Kyrie Irving Brings Attention to Biceps Injuries

STACK Expert Mo Skelton identifies four common types of biceps injuries and explains how to prevent them and recover from them.

Bicep Injury


Cleveland Cavaliers point guard Kyrie Irving was recently sidelined by a biceps injury. This type of injury is problematic in basketball because it makes dribbling painful, limits upper-body strength and makes full extension on a jump shot nearly impossible.

The biceps brachii is a two-headed muscle with a common tendon attachment at the elbow, which is strong and helps bend the elbow. The upper end of the muscle near the shoulder has two tendons. One of these attaches at the top of the upper arm bone. The other, called the long-head tendon, crosses into the shoulder joint and attaches at the top of the scapula (shoulder blade) onto the labrum.

Types of biceps injuries, with unique characteristics and treatment variables

Distal tendon rupture

This tendon can be ruptured—either torn in two or ripped off the bone—near the elbow. This can happen to the recreational weightlifter when deadlifting heavy with a bent elbow or when trying to curl too much.

This injury causes a sudden deformity in the upper part of the muscle. Bleeding/bruising happens quickly, as does swelling. It requires surgery and about six months or more to recover. The initial challenges are to diminish pain and swelling, improve range of motion while healing, and restore strength.

Muscle strain

A muscle strain to the biceps happens in the middle of the muscle. It can be caused by many things. It may swell, bruise and cause pain. It will definitely weaken the muscle and increase stiffness. Treatment is similar to tendinitis.


This common biceps injury can happen with repetitive work like carrying shingles for a roofer, performing too many curls in the gym, or engaging in any activity in which you repeatedly use the muscle.

Tendinitis can occur at the elbow, but more common tendinitis for a basketball player is at the "proximal" end of the joint, or near the shoulder, which feels more like a shoulder problem. Basketball players can suffer this type of injury due to their training regimen (improper technique or overuse), an awkward fall, or simply from shooting mechanics and the number of shots they put up in a week.

Tendinitis generally requires some rest, anti-inflammatory treatment, icing and bracing. Plasma-rich protein injections can help. To continue playing, it may be beneficial to use Kinesio Tape to help the muscles function more appropriately. A sleeve for the elbow or shoulder can be helpful as well.

Labral injury

The biceps have long and short heads. The tendon to the long head continues across the shoulder joint and attaches to the labrum. The labrum is a major stabilizer of the shoulder. When the long head of the biceps tendon is overused or acutely injured, it can cause a tear of the labrum. This seems like a shoulder instability injury, but it's also a biceps injury. A labral injury can range from pain-free to season-ending surgery. The key is to work on shoulder stability.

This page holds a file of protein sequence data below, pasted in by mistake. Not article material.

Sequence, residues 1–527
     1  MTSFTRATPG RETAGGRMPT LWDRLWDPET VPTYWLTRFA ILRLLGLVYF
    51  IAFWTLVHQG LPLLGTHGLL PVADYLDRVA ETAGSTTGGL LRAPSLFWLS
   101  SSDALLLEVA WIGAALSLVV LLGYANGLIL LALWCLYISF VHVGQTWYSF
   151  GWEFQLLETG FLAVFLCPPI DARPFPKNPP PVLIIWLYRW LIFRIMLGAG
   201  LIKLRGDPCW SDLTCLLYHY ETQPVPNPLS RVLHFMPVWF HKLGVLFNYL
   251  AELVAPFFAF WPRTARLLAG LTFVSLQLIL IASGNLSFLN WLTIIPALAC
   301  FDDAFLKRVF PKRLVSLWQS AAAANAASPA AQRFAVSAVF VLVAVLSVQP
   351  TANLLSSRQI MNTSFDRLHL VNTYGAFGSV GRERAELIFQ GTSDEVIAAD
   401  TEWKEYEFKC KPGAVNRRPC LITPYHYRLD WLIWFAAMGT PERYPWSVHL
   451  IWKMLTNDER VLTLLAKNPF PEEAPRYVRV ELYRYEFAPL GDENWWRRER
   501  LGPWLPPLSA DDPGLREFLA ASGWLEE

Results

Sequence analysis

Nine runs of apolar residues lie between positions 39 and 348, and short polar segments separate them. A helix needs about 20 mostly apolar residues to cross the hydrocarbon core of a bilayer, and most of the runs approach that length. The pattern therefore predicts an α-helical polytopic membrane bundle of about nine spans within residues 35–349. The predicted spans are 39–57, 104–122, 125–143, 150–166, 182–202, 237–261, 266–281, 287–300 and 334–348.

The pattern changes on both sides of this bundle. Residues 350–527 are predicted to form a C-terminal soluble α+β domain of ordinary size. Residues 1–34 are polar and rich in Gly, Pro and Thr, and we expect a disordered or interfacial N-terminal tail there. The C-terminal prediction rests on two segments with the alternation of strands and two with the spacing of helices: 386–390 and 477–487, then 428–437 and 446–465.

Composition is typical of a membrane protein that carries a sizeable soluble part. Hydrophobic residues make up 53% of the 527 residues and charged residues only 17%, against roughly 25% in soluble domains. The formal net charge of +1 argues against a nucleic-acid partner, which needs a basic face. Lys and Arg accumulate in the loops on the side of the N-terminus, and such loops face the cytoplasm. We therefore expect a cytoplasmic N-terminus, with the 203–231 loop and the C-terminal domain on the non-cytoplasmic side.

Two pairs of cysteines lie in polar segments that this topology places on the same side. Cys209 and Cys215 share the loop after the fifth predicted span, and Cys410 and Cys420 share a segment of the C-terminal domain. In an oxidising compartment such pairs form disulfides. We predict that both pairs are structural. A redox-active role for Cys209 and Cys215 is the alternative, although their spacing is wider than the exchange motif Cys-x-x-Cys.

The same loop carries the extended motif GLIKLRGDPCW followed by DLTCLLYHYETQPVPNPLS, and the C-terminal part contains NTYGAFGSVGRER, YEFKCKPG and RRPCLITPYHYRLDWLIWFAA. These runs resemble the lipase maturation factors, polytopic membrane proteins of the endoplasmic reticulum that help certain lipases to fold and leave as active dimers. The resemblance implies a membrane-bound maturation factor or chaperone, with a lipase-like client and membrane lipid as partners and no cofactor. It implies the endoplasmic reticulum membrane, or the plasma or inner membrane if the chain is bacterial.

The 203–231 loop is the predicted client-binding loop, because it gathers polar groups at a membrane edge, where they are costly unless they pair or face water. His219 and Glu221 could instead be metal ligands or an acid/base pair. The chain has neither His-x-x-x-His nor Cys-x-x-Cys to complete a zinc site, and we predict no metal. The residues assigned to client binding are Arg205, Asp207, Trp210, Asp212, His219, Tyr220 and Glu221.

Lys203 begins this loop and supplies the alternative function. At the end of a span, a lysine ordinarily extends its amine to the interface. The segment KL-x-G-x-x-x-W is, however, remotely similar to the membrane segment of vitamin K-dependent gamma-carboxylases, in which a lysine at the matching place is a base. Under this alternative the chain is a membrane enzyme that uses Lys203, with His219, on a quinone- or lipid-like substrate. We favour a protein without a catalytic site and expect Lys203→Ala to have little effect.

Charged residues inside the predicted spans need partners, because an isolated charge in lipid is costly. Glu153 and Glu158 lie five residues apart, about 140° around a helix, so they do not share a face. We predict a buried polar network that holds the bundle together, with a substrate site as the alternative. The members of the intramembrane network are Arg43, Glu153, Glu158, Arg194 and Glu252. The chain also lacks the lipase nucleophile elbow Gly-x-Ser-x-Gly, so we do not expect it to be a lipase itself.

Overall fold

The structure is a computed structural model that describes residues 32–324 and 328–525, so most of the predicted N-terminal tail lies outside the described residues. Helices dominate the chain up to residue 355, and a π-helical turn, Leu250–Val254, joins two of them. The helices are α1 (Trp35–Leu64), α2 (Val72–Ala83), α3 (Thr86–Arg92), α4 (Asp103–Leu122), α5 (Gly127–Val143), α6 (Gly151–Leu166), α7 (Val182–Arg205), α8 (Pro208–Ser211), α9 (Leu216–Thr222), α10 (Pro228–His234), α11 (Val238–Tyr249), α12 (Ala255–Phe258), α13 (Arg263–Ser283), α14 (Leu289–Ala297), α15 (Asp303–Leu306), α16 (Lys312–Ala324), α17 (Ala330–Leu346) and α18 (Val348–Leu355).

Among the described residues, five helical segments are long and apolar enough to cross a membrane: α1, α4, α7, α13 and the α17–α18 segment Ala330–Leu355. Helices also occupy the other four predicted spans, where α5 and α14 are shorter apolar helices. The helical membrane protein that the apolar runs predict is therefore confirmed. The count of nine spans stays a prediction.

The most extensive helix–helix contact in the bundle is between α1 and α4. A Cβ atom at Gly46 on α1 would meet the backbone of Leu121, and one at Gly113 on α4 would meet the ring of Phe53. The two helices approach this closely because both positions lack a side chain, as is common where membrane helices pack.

Progressive training and post-rehabilitation plan for a biceps injury

Biceps and Shoulder-Focused Warm-Up

  • Squat while performing Band Curls - 1x20
  • Lunges - 1x20
  • Push-Ups- 1x20
  • Prone Press Fingers Facing Toward Feet - 1x10 with no hold
  • Quadruped Thoracic Rotation - 1x10 each side
  • Body Blade x 30 seconds
  • Band Pull-Aparts - 1x10
  • External Rotation and Internal Rotation (90 degrees of shoulder abduction) - 1x10 each
  • T, Y, I Series - 1x10 each

Biceps-Specific Exercises

Band Curls - Palms up is specific to the biceps; thumbs up is supportive; palm down is also supportive.

Curls with elbow at shoulder height - Works the deltoids to support the shoulder.

Ball Squeezes - One hand on top, injured arm under. Squeeze the ball as hard as you can. This is an isometric exercise for the biceps.

Shoulder Stretch

This stretch to the biceps will hit the upper end near the shoulder.

Back Stretch

This stretches the middle of the muscle.

Unstable Training for the Upper Body

Training on an unstable surface encourages the use of the small stabilizers that protect the joint.

  • TRX strap - Push-Ups and Inverted Rows
  • Slosh pipe - Overhead Press
  • BOSU - Push-Ups and Planks

Multi-Joint Upper-Body Strength

  • Band Presses with a block. Allows for more weight, but limits the distance traveled.
  • Floor Presses
  • Incline Dumbbell Presses. Take some stress off the shoulder by placing the forearms in neutral.
  • Flat Bench Press: Allows for the most resistance and progression of strength, but also the most challenging to the shoulder joint.

Biceps and Pulling Variations/Progression

  • Lat Pull-Downs, palms facing you
  • Inverted Rows, palms facing you
  • Band-Assisted Pull-Ups
  • Strict Pull-Ups (but avoid dead hanging; keep the shoulder stabilizers active prior to the pull)

Biceps and Cable Column Resistance

  • Seated Cable Rows with palms up
  • Cable Face Pulls with external rotation
  • Bent-Over Barbell Rows with palms facing up
  • Single-Arm Horizontal Abduction

Long head biceps injury rehab and shoulder stabilization programs are similar. Strengthening the biceps is not difficult and does not necessarily need to be done outside of a rehab setting. A good multi-joint warm-up, foam rolling, stretching and strengthening program can keep the biceps in shape from top to bottom.

Read More:

Photo Credit: Getty Images // Thinkstock